How to Support Sexual Assault Survivors

By Caitlyn Mason

How to Support Sexual Assault Survivors

So your friend is telling you about their experience with sexual assault. The situation may be blindsiding and emotional, and you may not know how to process the information you hear at that moment. Depending on the situation, the perpetrator could be someone you know personally, or it could be someone you don’t know at all, but either way, here are some tips to guide you through supporting a survivor of sexual assault.


1. Listen to them

For a survivor, their story is likely to be a very personal and emotional one. If they choose to share it with you (which is a decision that should be made without persuasion), listen closely and show them that you hear them.


2. Validate their feelings

Depending on the situation, you may be one of the only people they’ve chosen to tell about their assault, and make sure to validate the way they feel. If they say they are feeling sad or angry, let them know that those emotions are normal, and that you will support them. If they are feeling some form of guilt or assigning self-blame, let them know that what happened to them will never be their fault. In general, be there to validate their emotions, but also to help combat self-deprecating thought processes.


3. Let them know that you are there

Let them know that you will be there for them, not just in that particular conversation, but in every step in their journey to healing. Let them know that if they decide to report their assault or not, you will be there for them. If they choose to seek help, you will be there for them. Understand that you cannot control what the survivor does, but you can support them as a friend during a particularly taxing time.


4. Avoid falling into victim blaming traps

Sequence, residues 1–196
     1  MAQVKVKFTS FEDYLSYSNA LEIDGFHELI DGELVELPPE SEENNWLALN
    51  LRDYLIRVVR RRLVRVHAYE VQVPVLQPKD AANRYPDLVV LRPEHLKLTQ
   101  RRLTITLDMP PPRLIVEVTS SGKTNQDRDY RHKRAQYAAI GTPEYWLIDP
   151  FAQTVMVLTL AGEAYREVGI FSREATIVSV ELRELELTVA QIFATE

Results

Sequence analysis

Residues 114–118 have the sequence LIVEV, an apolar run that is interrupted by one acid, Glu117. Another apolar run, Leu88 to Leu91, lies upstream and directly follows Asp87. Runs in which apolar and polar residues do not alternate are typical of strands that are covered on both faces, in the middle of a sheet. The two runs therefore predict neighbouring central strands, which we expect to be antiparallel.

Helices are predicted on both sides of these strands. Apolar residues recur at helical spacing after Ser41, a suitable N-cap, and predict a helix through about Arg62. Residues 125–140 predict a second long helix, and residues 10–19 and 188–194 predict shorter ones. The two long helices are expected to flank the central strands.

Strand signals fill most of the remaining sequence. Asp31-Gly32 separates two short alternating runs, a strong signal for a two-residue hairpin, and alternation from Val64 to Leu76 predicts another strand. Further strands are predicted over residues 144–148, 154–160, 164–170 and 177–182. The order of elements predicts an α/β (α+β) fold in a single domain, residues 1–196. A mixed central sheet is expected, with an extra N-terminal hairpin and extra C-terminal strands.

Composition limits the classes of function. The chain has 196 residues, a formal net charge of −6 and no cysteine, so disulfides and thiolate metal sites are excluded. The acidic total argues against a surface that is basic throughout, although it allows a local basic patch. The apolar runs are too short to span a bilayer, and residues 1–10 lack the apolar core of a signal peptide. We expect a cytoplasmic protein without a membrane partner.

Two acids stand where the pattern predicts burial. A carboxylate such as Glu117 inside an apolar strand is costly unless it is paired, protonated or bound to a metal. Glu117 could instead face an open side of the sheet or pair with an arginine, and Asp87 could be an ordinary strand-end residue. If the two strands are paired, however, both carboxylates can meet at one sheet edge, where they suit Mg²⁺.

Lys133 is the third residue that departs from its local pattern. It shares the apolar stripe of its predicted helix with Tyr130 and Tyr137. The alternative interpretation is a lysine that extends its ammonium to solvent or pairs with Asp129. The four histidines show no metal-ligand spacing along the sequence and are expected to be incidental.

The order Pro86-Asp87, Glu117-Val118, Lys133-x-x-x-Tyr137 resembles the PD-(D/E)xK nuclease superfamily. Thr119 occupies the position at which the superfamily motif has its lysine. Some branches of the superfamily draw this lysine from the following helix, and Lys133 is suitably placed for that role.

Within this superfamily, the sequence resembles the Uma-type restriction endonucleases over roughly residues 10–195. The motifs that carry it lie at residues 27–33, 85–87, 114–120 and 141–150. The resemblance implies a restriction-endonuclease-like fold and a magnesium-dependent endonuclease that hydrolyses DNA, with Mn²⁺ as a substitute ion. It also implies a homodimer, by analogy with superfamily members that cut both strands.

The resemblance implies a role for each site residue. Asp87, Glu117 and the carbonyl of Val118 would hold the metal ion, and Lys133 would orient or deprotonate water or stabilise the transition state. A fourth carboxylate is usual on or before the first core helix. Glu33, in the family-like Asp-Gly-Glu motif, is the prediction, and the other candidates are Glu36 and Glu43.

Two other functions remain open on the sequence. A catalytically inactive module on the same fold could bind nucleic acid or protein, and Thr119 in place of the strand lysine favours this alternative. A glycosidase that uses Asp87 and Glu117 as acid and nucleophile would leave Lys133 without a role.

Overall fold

In a society where victim blaming and slut shaming is so normalized, it could be a subconscious reaction to ask something like “were you drunk?” But in this situation, it’s important to think carefully about your choice of words, making sure they are coming off as nothing but supportive. Even though you may not mean any harm, to a survivor, questions like these sound like an attempt to shift the blame or put them at fault.


5. In this moment, do not make it about you

You are allowed to feel anger and sadness for your friend, and even towards the perpetrator. If the perpetrator is someone you know or are close to, it may be harder for you to process their wrongdoings, and that’s understandable. But in this moment, expressing the trouble you’re having with processing the event or sadness you feel in association to the survivor’s trauma is not the right thing to do. This could be a conversation for the future, but in this moment, it is important that you focus on the survivor.


6. There is no neutrality in sexual assault

I know it may be hard to hear, but by not siding with a survivor, you are siding with the perpetrator. It may be incredibly hard to cut off someone you once loved or respected, but keeping them in your life or claiming to “stay neutral” is likely to hurt the survivor even more. It shows them that their story is not convincing enough for you to remove the perpetrator from your life, or that the maintenance of your friendship with the perpetrator takes precedence over their traumatic experience.


7. Establish your own boundaries

While it is important to be there for your friend, if you are not in the emotional place to do that at the moment or in the future, let them know of that. The ability to be there for someone is dependent on maintaining your own mental health as well, and if that is something you cannot do, tell your friend. You can encourage them to speak to someone else, such as a therapist, if that is something they could have access to.